I chanced upon a fallen story on a starry night. You know, one of those moments when everything is riddled with cracks and soon after, everything breaks and scattters and falls away. It was one of those moments but it was all inside my head.
I came upon a window, singing a fallen melody, to which a ballerina danced away. Her little graceful feet floated to a sad symphony. The night had turned down the rest of the noise. I like to believe that in that moment, I existed and she existed and the mad medley of sadness and pain and a night's inky inkling existed. Nothing else did. This mind of mine was perceiving only that and that alone and nothing more was needed. It was when she teetered a bit too close to the window ledge that I decided to walk away.
Another window and a burning candle dripped away, the wax melting and then hardening on the foreign floor. Robbed of dignity, a dusky shadow cleaned it up. She watched it drip and never did she stop to turn the awry candle upright. For what would she do if that lone candle flickered and burned out before it had all melted away? Where would she turn her nimble hands to? The candle burned on, still lopsided, still vulnerable.
I fell forward soon after and looked up to another hollow rectangle. A man, walking the edge of freedom, edged closer to the window sill. His sanity dwindling and falling, he seemed to carry a death wish too. A fallen window had been his world. Now, that little window wondered if it would perhaps watch him fall. He didn't fall. Not then. He still walked along the edge. Slowly, deliberately, still wondering what it would take to fall down and down and down and further down.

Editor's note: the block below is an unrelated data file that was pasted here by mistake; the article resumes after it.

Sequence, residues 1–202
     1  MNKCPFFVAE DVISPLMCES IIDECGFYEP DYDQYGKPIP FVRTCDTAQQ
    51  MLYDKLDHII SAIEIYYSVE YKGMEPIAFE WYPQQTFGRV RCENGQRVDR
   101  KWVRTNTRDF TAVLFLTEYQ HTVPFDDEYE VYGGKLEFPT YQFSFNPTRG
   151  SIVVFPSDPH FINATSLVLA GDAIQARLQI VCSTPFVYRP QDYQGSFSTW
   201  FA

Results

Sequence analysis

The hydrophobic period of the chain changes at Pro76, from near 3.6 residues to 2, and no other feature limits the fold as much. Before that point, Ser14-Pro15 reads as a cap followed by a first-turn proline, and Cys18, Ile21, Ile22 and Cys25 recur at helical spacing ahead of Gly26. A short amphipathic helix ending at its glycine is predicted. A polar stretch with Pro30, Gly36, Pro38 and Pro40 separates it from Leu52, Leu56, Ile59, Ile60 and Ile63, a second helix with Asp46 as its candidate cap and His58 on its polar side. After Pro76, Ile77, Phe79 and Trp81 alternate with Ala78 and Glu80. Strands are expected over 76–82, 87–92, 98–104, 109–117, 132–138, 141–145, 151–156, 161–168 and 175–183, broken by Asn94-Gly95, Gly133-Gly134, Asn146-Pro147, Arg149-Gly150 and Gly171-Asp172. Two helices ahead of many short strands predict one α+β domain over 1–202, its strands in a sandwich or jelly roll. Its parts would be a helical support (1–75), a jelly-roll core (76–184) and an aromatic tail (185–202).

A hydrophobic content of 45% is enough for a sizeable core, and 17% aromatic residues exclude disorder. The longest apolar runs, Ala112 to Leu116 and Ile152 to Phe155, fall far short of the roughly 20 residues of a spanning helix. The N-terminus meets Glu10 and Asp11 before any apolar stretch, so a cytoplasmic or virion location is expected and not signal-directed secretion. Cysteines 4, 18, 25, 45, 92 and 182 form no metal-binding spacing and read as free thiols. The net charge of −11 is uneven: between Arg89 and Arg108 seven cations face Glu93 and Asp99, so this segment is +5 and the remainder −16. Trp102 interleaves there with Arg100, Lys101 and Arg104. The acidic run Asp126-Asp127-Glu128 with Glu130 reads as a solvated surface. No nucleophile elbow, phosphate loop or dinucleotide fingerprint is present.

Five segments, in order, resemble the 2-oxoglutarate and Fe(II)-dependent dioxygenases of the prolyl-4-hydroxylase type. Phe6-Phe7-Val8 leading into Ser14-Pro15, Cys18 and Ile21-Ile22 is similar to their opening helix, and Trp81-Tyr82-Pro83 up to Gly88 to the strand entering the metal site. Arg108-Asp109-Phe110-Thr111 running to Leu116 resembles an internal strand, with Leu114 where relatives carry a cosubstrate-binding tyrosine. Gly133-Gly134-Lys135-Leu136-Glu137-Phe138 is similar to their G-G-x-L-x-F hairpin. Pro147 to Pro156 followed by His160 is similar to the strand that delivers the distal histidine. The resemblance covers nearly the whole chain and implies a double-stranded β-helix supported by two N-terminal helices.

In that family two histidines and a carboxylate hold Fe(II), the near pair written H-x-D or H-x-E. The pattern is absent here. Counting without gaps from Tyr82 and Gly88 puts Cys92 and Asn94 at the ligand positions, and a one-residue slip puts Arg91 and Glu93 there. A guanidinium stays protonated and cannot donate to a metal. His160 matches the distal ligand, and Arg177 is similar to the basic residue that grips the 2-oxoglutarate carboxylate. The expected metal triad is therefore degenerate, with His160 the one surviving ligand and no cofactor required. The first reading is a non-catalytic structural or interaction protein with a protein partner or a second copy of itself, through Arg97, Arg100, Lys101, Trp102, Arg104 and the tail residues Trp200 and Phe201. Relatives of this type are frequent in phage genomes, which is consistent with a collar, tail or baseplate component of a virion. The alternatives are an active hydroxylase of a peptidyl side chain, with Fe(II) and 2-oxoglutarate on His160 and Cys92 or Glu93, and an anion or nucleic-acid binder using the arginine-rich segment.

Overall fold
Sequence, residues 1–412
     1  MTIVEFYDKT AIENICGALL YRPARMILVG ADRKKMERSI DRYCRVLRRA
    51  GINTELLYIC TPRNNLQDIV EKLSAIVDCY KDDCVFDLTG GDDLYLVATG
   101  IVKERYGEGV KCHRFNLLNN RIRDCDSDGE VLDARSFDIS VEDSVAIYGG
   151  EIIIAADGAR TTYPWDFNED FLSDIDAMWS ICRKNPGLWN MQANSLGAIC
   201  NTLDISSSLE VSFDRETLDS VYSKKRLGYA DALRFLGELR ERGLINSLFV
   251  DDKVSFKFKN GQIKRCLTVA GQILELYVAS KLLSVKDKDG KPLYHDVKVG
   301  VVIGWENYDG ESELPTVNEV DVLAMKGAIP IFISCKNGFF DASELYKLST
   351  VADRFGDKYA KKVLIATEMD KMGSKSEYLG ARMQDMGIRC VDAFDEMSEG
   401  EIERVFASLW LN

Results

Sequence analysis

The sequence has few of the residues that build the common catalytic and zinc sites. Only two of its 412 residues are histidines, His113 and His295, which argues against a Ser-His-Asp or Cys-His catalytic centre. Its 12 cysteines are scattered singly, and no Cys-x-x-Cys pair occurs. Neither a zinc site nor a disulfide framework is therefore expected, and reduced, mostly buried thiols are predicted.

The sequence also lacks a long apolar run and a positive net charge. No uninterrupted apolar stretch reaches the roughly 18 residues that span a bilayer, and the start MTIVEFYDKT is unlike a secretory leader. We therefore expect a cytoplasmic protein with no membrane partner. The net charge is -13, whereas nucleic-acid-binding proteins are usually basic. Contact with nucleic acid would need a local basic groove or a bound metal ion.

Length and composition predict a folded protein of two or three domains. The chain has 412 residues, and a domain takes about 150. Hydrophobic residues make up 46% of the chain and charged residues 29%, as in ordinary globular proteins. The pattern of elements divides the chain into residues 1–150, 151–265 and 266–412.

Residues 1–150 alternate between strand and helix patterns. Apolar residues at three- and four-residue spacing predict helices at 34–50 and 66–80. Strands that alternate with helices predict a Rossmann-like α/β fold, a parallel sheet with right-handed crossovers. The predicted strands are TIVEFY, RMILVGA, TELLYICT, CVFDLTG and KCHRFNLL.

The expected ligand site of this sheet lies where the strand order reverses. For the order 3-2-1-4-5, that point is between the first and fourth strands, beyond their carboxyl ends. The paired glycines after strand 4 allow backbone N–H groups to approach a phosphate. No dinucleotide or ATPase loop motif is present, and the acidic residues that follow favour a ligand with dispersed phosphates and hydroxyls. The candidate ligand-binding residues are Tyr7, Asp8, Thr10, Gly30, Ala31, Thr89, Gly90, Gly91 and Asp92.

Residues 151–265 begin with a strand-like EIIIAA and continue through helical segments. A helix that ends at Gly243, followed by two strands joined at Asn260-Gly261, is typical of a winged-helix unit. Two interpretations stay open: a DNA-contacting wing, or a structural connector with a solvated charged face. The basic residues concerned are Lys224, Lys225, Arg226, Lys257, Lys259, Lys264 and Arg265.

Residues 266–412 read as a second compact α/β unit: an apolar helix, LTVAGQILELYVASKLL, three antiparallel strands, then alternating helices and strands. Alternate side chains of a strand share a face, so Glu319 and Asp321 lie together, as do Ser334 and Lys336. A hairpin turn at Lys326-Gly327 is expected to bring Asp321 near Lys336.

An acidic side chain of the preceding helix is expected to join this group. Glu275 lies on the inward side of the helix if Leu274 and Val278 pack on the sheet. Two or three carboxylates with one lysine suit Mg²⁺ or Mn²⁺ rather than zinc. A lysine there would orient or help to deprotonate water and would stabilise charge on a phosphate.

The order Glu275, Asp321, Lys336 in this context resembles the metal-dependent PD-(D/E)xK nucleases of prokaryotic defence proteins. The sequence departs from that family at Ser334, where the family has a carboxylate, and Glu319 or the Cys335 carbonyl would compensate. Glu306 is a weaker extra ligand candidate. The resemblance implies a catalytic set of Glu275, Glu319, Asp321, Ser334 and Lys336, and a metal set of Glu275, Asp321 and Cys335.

I walked away, my patience fading. But I did wonder. I wondered if any of them fell soon after. For there is something pathetically beautiful about falling and something pathetically scary about the fallen. They could rise and yet, they chose to fall simply so that they had a reason to rise again. I believe, that is why, I wondered if the ballerina tripped over her gentle feet, if the candle fell and burned the shadows into darkness, if the man lost to his eccentricity and took the jump.
I wish I knew what had happened to them but I do not know for I had, after all, been watching only for a second and a night.